In fact, in CentOS, in addition to the configuration file listed in the parameters udev_log, Linux users can also modify the parameters udev_root and udev_rules, but these two parameters are not recommended to modify, so not shown in udev.conf Lane. Syslog default udev log will be recorded, Linux users can only modify the log level (err, info, degub, etc.); device permissions can not be set in udev.conf, but in the rules file (*. set.


3.3 through udev set the device file permissions


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In CentOS 6.5 udev, there is no permission file, all the permissions are set by the rules file (* .rules), in the following rules file configuration process will be introduced to.


3.4 udev rules and rules files

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Rules file is the most important part of udev, the default is stored in / etc / udev / rules.d / under. All rules files must have the suffix ".rules". CentOS has default rules files that generate not only kernel device names for devices, but also symbolic links with strong identities. E.g:
[Root @ rango ~] # ls / dev / disk / by-uuid /
0E29-04AB 624d6d56-8613-4a27-ad6a-50eab26868a9
0F15181B0F15181B 9017-7DE0
1C58125758122FCE f139256a-b396-48e5-ba9c-6c13f4f8923b
281892191891E5DA
However, these link names are long and difficult to invoke, so custom rule files are often required to produce easy-to-use, well-identifiable device files or symbolic links.
Udev queries all rule files in alphabetical order for rule file names, and then manages their device files or file links for devices that match rules. Although udev does not parse subsequent rule files because a device matches a rule, the order of parsing is still important. Normally, it is recommended that you want the first rule file to be parsed. For example, create a file named /etc/udev/rules.d/10-myrule.rules and write your rules to the file, so udev will parse the system's default rules file before parsing it into your file .
In the rules file, all non-blank lines are treated as a rule, except for lines beginning with "#", but a rule can not be extended to more than one line. Rules are composed of multiple key-valuepairs separated by commas. Key-value pairs can be classified into condition-matching key-value pairs (hereinafter referred to as "matching keys") and assignment key-value pairs (hereinafter referred to as " Assignment key "), a rule can have multiple matching keys and multiple assignment keys. A match key is a condition that matches all the attributes of a device. When a device's attributes match all the matching keys in the rule, it is assumed that the rule takes effect and then the assignment of the rule is performed according to the contents of the assignment key. Here is a simple rule:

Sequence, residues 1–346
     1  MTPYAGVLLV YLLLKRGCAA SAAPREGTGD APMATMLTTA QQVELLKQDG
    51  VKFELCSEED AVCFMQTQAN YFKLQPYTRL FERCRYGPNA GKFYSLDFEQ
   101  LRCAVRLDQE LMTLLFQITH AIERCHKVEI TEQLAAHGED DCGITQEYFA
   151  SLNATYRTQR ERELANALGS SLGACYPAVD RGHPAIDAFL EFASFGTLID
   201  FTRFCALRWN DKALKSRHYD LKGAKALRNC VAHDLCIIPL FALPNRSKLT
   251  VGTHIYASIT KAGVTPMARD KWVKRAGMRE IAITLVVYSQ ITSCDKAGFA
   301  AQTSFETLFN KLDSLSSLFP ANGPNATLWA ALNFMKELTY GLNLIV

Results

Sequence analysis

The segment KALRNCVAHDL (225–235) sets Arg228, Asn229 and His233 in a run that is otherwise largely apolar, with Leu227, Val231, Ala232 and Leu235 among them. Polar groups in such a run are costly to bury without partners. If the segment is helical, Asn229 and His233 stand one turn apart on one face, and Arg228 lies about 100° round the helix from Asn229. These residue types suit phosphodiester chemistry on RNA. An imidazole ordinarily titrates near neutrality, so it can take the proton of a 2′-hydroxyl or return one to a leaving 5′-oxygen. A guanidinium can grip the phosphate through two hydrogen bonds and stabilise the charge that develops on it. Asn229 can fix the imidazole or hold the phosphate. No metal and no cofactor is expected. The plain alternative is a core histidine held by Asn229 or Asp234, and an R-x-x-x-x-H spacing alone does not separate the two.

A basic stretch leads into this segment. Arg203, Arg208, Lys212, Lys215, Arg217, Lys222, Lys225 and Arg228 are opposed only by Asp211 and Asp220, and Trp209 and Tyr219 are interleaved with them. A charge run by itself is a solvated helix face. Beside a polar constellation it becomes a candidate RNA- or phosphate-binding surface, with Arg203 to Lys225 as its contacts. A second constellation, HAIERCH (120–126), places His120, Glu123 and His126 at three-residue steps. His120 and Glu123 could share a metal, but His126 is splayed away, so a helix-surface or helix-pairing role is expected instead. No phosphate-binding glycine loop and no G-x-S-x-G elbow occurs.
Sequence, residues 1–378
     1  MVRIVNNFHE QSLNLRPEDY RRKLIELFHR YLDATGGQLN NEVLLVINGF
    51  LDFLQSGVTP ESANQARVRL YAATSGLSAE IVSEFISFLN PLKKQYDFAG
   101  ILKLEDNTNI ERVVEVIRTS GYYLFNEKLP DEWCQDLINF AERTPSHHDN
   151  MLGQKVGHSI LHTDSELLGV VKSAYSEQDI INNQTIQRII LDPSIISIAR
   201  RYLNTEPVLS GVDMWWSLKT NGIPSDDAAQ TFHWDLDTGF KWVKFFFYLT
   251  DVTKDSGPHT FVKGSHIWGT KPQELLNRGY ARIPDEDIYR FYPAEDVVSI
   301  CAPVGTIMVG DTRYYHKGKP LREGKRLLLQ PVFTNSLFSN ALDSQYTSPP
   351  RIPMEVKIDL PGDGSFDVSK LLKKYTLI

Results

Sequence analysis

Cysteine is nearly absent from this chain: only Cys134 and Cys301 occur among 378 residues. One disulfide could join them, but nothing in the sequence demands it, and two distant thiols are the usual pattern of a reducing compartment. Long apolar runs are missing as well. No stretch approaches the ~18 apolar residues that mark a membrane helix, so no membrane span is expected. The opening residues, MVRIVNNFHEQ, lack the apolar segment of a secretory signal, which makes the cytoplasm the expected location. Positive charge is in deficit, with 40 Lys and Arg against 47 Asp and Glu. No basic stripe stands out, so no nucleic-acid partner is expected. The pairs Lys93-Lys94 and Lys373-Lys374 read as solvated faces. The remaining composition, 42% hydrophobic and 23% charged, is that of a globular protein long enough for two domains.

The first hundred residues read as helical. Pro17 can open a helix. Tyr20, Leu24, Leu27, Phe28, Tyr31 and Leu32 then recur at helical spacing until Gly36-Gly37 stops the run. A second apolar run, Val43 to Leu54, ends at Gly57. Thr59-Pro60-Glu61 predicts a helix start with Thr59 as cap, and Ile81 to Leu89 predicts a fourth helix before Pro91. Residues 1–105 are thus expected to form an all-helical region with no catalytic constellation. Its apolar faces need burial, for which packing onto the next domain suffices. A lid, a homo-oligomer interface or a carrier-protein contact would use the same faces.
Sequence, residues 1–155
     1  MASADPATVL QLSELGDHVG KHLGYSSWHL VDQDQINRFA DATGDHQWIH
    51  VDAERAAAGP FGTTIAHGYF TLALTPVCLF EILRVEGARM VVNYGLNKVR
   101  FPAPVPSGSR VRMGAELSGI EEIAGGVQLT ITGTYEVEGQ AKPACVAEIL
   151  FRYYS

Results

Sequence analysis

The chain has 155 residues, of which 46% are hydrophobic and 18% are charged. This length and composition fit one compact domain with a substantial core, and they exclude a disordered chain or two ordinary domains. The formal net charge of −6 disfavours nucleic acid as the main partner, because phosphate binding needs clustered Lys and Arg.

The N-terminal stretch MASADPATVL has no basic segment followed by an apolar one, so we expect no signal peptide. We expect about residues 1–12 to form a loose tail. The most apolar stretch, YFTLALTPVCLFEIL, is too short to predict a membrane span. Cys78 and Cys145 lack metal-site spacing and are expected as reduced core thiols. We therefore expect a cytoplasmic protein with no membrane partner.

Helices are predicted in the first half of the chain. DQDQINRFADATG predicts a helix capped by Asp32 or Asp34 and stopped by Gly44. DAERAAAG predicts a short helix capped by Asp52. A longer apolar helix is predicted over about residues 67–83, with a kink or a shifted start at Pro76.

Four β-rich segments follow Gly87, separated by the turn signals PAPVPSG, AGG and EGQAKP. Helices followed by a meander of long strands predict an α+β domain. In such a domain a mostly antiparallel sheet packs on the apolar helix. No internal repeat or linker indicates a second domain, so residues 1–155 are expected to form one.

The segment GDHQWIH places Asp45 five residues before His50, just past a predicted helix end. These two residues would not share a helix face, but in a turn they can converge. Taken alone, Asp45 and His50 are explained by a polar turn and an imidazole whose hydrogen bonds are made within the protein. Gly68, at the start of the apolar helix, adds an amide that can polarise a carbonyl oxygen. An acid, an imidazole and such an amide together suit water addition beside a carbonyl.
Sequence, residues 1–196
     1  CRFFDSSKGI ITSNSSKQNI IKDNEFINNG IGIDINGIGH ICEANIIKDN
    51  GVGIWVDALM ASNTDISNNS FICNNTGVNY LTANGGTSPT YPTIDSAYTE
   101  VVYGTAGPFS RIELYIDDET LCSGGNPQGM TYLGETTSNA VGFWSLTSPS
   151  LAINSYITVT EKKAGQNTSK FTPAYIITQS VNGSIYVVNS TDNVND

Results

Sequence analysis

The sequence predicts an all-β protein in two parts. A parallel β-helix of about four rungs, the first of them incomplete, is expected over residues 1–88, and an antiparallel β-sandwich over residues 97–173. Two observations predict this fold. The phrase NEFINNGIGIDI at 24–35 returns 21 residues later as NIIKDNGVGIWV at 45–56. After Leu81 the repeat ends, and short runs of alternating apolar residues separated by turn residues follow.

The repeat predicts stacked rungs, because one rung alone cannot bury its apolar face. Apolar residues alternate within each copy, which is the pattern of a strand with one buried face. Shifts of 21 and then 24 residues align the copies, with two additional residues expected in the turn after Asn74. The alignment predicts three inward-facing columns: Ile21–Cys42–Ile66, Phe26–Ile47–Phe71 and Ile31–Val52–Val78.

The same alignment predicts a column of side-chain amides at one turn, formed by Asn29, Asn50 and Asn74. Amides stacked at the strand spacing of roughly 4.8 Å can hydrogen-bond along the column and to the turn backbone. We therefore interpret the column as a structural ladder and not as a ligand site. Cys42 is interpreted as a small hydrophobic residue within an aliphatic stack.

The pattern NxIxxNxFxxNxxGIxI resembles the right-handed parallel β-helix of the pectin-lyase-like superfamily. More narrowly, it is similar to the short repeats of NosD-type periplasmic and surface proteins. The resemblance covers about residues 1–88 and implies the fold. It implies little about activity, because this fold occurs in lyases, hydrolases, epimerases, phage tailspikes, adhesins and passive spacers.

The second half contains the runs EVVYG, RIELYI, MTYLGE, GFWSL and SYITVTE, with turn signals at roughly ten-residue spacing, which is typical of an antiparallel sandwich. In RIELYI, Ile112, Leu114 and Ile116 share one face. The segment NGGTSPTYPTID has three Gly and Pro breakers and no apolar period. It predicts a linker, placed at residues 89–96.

KERNEL == "sda", NAME = "my_root_disk", MODE = "0660"
KERNEL is the match key, NAME and MODE are assignment keys. The meaning of this rule is: If there is a device kernel device name sda, the conditions take effect, the implementation of the following assignment: / dev under a device named my_root_disk file, and set the device file permissions to 0660 .
It is a match key only if the operator is "==" or "! =", And is an assignment key for other operators.


All operators for udev rules

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"==": compare key, value, if equal to, then the conditions are met;
"! =": Comparison key, the value, if not equal to, then the conditions are met;
"=": Assign a value to a key;
"+ =": Assigns a key to a number of entries.
": =": Assign a value to a key, and reject all subsequent changes to that key. The purpose is to prevent the subsequent rule file assignments to the key.